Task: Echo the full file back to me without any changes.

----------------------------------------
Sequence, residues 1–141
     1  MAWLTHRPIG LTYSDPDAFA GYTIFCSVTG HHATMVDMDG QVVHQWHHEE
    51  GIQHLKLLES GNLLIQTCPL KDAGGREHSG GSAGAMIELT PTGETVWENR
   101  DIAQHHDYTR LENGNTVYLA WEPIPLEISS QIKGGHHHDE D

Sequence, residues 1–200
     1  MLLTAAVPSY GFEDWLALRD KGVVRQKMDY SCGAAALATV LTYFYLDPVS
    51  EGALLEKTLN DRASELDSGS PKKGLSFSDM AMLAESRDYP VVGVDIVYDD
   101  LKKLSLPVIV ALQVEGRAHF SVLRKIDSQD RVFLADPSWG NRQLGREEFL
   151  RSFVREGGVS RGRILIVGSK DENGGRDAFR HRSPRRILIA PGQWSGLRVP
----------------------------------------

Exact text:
Sequence, residues 1–141
     1  MAWLTHRPIG LTYSDPDAFA GYTIFCSVTG HHATMVDMDG QVVHQWHHEE
    51  GIQHLKLLES GNLLIQTCPL KDAGGREHSG GSAGAMIELT PTGETVWENR
   101  DIAQHHDYTR LENGNTVYLA WEPIPLEISS QIKGGHHHDE D

Sequence, residues 1–200
     1  MLLTAAVPSY GFEDWLALRD KGVVRQKMDY SCGAAALATV LTYFYLDPVS
    51  EGALLEKTLN DRASELDSGS PKKGLSFSDM AMLAESRDYP VVGVDIVYDD
   101  LKKLSLPVIV ALQVEGRAHF SVLRKIDSQD RVFLADPSWG NRQLGREEFL
   151  RSFVREGGVS RGRILIVGSK DENGGRDAFR HRSPRRILIA PGQWSGLRVP